Reporters Without Borders (RSF) has announced the formation of a coordination front to rally the release of journalist Olivier Dubois, who was kidnapped in Gao, Mali, on April 8, 2021, while on duty.
According to the organisation, the formation comprises the journalist’s relatives and friends, the French media organisation he was working with as a freelancer, other media organisations, and former hostage journalists.
The rally will be held on June 8, 2021, in Paris, to call for the release of the journalist who was abducted by the Al-Qaeda affiliated jihadists in Mali after spending sixty days in captivity.
Dubois’ abduction was confirmed after he appeared in a short video indicating he was “kidnapped by the Support Group for Islam and Muslims.”
Olivier Dubois, a freelance reporter who spent many years in Mali, had an appointment with Abdallah Ag Albakaye, a lieutenant of the support group for Islam and Muslims (GSIM), a coalition of armed Islamist groups affiliated with Al Qaeda.
He was not seen again after going to this meeting until the release of the 21-second video a month later, on May 5, when he confirmed his abduction by GSIM.
A few days later, Mali’s Foreign Minister, Jean-Yves Le Drian, verified that the journalist was a “hostage of a jihadist group.”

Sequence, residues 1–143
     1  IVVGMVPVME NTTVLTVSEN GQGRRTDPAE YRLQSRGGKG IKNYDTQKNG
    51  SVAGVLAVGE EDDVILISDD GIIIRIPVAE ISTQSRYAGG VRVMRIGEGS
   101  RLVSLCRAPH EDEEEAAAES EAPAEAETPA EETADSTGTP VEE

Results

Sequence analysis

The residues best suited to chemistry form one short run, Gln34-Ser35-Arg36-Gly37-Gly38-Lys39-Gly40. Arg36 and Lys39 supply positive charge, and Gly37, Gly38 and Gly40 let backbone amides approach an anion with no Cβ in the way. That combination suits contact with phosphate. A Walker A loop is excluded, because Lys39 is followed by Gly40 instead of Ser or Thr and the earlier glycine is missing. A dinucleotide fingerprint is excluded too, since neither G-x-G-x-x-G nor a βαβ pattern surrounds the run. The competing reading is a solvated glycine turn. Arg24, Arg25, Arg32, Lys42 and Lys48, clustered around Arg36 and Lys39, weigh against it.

Representatives of the editorial staffs for which Olivier Dubois usually works; Liberation, Le Point, and Jeune Afrique, representatives of the support committee established by his relatives in Bamako, the reporters Florence Aubenas and Didier François, former hostages respectively in Iraq and Syria, the SOS hostages association, as well as several journalists, media, and other people, are among those rallying support.
“The main missions of this body are to coordinate the strategic thinking and the steps taken by civil society in favour of the release of the French journalist and to carry out, as far as necessary, awareness-raising, communication and advocacy actions to achieve this goal,” said RSF Secretary-General Christophe Deloire.
The Sahel remains one of the world’s most dangerous locations for journalists, more than seven years after the killings of RFI journalists Ghislaine Dupont and Claude Verlon in Mali.
On April 26, two Spanish journalists, David Beriain and Roberto Fraile, were killed in Burkina Faso during an attack carried out by an armed group.
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